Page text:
“Circle of Faith” tells history of Oak Bluffs Campgrounds

“Circle of Faith” tells history of Oak Bluffs Campgrounds

“Circle of Faith,” by Sally Dagnall, Vineyard Stories, 2010, 160 pp. $24.95.

One hundred and seventy-five years ago, the 34-acre Methodist summer retreat — tents and a preacher stand surrounded by woods — established in Cottage City. Eventually, acreage was added and rules established. The Tabernacle was constructed in 1879, a horse-drawn railroad was replaced with electric railroad service to and from Edgartown, a Bible School was organized, events held, and Carpenter Gothic cottages replaced tents (the last tent was removed in 1882), and arranged in concentric circles around parks. President Ulysses S. Grant visited in 1874. In 1931, Martha’s Vineyard Camp Meeting Association became interdenominational. Cottages sold for around $55 after the Depression, and for more than $600,000 in 2006. What began in 1835 as a temporary religious retreat was designated a National Historic Landmark by the United States Secretary of the Interior and National Parks Service in 2005.

It is a unique story, captured and told in fascinating and tender detail in Sally Dagnall’s latest book, “Circle of Faith, The Story of the Martha’s Vineyard Camp-Meeting,” published by Vineyard Stories.

In fact, it is told twice — in text, filled with historical details, anecdotes and pithy explanations; and in wonderfully preserved sepia-toned archival photographs of people, places, and events. In each case, like the braiding of threads, form is created — something generally essential about the Island, and something specifically essential about the Martha’s Vineyard Campgrounds.

The Campground’s de facto historian, Sally Dagnall, authored “Martha’s Vineyard Camp-Meeting Association, 1835-1985″ in 1985 (timed for the Campground’s sesquicentennial celebration), and “A Child’s Book of MVCMA” in 1994. True to her well-earned reputation for style and thoroughness, “Circle of Faith” is the meticulously compiled story of both the concrete and intrinsic aspects that comprise the Campground: buildings, traditions, religious observances, landmarks, families, growth, and spirit.

Included among the archival records is a journal entry kept by a visitor to the retreat in 1869. He notes being assigned to a tent filled with straw, fed daily portions of chowder, and paying 15 cents to wash his face at the community pump.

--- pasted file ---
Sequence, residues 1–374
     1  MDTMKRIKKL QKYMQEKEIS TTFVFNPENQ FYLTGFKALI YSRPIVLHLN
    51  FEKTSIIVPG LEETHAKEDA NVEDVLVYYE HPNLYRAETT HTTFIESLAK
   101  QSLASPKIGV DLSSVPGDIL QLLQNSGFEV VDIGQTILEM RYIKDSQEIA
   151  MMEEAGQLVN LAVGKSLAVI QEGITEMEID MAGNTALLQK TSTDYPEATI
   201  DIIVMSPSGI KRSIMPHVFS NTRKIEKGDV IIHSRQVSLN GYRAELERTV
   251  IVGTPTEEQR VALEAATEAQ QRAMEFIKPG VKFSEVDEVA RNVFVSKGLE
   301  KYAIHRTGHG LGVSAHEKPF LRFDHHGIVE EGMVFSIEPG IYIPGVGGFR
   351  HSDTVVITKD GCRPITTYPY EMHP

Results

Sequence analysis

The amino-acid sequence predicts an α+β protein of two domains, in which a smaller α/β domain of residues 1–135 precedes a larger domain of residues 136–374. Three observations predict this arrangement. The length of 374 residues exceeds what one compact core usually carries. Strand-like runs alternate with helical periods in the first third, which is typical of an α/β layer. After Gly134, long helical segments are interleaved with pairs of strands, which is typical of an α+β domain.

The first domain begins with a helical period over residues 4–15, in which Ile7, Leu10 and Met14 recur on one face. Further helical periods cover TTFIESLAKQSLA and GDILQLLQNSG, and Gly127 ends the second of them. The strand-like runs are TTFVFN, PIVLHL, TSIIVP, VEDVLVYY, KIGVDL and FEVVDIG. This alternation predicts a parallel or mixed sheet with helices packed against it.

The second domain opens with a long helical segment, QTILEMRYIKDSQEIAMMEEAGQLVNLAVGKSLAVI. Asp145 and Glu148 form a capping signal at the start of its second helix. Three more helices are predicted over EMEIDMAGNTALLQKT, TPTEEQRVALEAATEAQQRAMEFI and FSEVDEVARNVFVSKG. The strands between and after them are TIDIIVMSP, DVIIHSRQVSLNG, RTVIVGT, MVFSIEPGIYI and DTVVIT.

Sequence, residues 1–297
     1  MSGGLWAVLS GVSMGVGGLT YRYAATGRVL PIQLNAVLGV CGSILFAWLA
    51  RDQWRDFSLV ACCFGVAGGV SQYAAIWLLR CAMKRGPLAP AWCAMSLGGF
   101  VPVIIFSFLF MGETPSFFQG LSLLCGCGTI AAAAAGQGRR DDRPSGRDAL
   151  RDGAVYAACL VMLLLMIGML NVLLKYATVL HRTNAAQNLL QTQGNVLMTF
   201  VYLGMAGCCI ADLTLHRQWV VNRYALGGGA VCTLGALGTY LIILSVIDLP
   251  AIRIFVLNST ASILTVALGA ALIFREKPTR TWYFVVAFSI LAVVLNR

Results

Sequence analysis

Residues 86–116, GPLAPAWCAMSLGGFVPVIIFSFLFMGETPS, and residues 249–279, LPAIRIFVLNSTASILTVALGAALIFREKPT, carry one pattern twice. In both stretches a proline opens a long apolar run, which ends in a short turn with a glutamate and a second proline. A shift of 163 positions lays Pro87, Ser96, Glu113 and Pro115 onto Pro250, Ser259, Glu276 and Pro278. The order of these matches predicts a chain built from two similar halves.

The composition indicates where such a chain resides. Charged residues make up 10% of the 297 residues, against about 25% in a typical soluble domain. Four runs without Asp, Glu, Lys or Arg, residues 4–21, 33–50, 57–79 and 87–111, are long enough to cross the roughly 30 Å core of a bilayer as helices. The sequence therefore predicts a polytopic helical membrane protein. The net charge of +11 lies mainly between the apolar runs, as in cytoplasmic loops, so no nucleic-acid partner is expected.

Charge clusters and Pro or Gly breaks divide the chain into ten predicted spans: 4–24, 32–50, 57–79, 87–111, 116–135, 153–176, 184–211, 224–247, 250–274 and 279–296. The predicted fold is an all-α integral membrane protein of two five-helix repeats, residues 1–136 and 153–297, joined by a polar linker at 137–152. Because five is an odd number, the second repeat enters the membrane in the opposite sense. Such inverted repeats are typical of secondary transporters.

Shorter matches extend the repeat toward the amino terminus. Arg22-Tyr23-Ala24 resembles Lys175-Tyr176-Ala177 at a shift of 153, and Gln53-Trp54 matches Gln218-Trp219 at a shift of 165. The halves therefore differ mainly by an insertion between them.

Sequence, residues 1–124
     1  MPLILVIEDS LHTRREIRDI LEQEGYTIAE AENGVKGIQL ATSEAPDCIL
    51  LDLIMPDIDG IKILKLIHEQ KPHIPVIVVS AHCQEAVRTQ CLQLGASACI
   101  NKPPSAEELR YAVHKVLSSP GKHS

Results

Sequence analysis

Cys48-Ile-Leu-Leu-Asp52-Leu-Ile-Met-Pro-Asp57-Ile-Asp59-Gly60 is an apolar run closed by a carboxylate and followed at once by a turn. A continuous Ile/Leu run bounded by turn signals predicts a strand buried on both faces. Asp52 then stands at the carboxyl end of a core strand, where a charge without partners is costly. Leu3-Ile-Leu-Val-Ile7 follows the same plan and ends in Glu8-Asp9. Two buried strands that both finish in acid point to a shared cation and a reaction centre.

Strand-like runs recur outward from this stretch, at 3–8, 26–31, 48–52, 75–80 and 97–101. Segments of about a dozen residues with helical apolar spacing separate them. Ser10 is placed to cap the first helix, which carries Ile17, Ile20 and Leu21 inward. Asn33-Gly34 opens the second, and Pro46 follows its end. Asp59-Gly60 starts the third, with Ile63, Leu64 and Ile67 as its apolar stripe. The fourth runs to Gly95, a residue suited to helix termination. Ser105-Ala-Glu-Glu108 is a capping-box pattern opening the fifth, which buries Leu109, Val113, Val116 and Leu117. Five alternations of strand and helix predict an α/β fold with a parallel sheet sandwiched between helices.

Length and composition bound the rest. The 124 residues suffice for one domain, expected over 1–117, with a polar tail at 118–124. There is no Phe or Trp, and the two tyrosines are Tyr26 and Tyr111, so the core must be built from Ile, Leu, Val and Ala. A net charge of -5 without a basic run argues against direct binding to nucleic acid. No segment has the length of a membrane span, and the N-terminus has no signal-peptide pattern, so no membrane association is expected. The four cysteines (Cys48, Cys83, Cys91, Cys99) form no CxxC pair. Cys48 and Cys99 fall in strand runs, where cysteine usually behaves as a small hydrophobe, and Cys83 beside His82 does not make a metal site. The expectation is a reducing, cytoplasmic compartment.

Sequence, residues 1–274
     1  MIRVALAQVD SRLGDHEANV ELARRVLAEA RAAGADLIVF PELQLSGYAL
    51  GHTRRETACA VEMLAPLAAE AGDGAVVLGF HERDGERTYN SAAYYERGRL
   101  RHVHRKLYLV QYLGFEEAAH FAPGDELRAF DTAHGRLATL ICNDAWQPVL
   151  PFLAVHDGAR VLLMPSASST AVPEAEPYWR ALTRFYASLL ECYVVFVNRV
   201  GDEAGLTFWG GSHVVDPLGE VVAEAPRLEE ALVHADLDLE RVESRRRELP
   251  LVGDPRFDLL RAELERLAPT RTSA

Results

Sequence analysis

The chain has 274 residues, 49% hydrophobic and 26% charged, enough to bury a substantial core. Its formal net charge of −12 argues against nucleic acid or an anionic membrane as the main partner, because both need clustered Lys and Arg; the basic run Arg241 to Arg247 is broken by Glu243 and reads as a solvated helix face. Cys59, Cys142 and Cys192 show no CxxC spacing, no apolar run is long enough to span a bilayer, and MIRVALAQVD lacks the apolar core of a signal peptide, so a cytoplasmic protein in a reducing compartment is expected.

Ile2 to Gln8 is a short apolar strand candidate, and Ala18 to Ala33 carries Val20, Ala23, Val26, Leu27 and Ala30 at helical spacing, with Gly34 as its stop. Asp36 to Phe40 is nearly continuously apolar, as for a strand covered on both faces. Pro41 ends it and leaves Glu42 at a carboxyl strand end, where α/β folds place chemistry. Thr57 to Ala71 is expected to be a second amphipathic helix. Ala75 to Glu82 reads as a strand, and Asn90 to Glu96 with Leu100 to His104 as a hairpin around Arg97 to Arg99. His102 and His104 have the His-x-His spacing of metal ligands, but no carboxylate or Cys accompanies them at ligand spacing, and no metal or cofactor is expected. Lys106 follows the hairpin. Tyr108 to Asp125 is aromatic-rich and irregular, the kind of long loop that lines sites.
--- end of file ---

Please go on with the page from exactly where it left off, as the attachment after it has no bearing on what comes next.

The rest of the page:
The book is a keepsake unique to the Vineyard — and who better to have created it than Ms. Dagnall.

Sally Wortman Dagnall and her husband, Russell Dagnall, the past Camp Meeting Association president, live in the cottage that belonged to Mr. Dagnall’s parents. Both of their families came to the Island in the early 1900s. The Dagnalls were married in the Campground, and although they spend the off-season in Ohio, they consider this their home. They know it intimately; know the generations that preceded them, families like the Rutherfords, Husses, Longs, Merrills, Shabicas, Lawrences, Halls, Freys, Harts, McKechnies. They understand its pace and tempo and what it is that contributes to the closeness of its community, and it all comes through in Ms. Dagnall’s book.

Even the “List of Firsts & Important Dates” that precedes the Bibliography and Index at the end of the book is chocked with little facts that tell a big story: 1835, First camp-meeting; 1840, the name Wesleyan Grove was formally adopted; 1856, First tax for grounds maintenance, 50-cents for each tent; 1863, street lamps installed; 1871, First child born on campgrounds, Wesley Grove Vincent. The list continues to 2006, when the Oak Bluffs Water District installed new water mains.

The photographs illustrate look and style: side-by-side tents; cottage interiors and cottages being moved from one spot to another (they were light and had no plumbing or electrical connections); prayer gatherings with groups of formally dressed gentleman and hoop-skirted, corseted women with serious faces; views of the Oak Bluffs Land and Wharf Company’s wharf and first hotel; the cottages and street around Trinity Park; people in prayer, at leisure, and in celebration.

Whether of not one has visited the Campgrounds, “Circle of Faith” is hand-held history at its best.